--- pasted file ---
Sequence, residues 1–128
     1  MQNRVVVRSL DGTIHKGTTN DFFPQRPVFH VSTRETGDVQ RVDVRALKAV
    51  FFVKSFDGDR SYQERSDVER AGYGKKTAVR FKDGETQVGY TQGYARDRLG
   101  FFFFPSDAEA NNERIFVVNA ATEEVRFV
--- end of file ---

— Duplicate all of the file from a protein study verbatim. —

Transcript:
Sequence, residues 1–128
     1  MQNRVVVRSL DGTIHKGTTN DFFPQRPVFH VSTRETGDVQ RVDVRALKAV
    51  FFVKSFDGDR SYQERSDVER AGYGKKTAVR FKDGETQVGY TQGYARDRLG
   101  FFFFPSDAEA NNERIFVVNA ATEEVRFV